Contrary to Roland Barthes post-structuralist theory on The Death of the Author, the context of Hardy’s background is extremely relevant when critically evaluating any of his novels. Tess of the D’Urberville is saturated with examinations of the class issues of his contemporary society. It is clear he posses’ a strong sense of moral value toward the rural classes and Tess's own class issues ultimately determine her downfall. Most of Hardy's novels are very typical in depiction of the people, life styles, moral constructs and personal dilemmas of his contemporary society, especially regarding cross-class conflicts. This essay aims to discuss Hardy’s thematic depiction of class within the novel Tess of the d’Urbervilles Hardy’s views on the subject of the peasant classes and the portrayal of class conflicts within an early Victorian society which are examined throughout the text.
Hardy originated from a working class family. The son of a master mason, Hardy was slightly above that of his agricultural peers. Hardy’s examination of transition between classes is usually similar to that of D.H. Lawrence, that if you step outside your circle you will die. The ambitious lives of the characters within Hardy’s novels like Jude and Tess usually end fatally; as they attempt to break away from the constraints of their class, thus, depicting Hardy’s view upon the transition between classes. Hardy valued lower class morals and traditions, it is apparent through reading Tess that her struggles are evidently permeated through the social sufferings of the working class. A central theme running throughout Hardy’s novels is the decline of old families. It is said Hardy himself traced the Dorset Hardy’s lineage and found once they were of great importance, which Thomas Hardy no longer possessed, a distinct manifestation to that in Tess of the D’Ubervilles.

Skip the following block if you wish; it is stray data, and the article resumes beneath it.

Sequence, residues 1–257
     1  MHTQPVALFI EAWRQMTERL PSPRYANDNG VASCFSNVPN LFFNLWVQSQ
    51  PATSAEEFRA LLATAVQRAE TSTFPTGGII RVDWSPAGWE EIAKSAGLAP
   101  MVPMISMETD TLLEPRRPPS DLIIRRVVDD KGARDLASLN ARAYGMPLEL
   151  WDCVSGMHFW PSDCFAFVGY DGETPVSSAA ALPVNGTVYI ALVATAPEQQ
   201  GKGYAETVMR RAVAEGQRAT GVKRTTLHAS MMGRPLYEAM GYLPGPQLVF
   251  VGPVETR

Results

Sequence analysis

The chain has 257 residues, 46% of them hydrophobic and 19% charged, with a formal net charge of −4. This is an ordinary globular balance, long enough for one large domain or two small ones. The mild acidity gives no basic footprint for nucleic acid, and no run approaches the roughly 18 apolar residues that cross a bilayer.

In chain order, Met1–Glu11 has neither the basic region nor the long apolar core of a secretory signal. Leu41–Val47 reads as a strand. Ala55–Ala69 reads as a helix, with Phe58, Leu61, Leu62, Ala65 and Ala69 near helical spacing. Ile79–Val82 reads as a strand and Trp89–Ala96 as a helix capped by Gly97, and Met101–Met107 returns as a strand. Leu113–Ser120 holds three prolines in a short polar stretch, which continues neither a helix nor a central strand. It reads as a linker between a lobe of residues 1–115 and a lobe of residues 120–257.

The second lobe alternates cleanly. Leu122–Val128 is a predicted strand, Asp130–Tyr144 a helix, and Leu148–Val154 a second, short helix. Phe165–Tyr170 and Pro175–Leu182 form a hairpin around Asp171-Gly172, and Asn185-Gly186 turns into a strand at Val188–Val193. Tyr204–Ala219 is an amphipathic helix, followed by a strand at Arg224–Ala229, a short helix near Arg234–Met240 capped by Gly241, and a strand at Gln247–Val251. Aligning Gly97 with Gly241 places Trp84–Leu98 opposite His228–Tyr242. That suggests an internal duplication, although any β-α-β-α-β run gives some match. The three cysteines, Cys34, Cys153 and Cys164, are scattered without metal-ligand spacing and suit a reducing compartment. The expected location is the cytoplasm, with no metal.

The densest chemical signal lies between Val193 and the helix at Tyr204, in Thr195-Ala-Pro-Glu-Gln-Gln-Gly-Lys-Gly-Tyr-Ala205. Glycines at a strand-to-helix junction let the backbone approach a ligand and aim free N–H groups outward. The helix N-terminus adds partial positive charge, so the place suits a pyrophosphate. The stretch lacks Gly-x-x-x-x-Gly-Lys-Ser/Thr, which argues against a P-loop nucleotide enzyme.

Hardy’s Neo-Darwinist beliefs are embedded throughout the text; theories on heredity are ultimately portrayed within the fatalistic aspects of Tess’s life. Peter R. Morton commentary on this states that in fact Tess’s fate ultimately lays within her lineage and ancestral heredity. Although, she believes she has free will it is at these times her fate is most deterministic. Her mother’s ancestral sexual charm ultimately determines her downfall. Tess is ultimately ‘shackled by ancestry’ and is bound to the fate of the class she was born into.
The nostalgia of the past D’Urbervilles lineage is prevalent from the opening chapters of the novel. John Durbeyfield’s acquisition of his past nobility from a parson establishes his childlike behaviour towards the revelation, and eventually brings the family great suffering. The drunken disclosure prevents John from attaining a job and he regards everything in association with his ‘high nobility’. This knowledge of the family descending from a noble class establishes the events within the remainder of the novel, and is the critical aspect towards Tess’s downfall....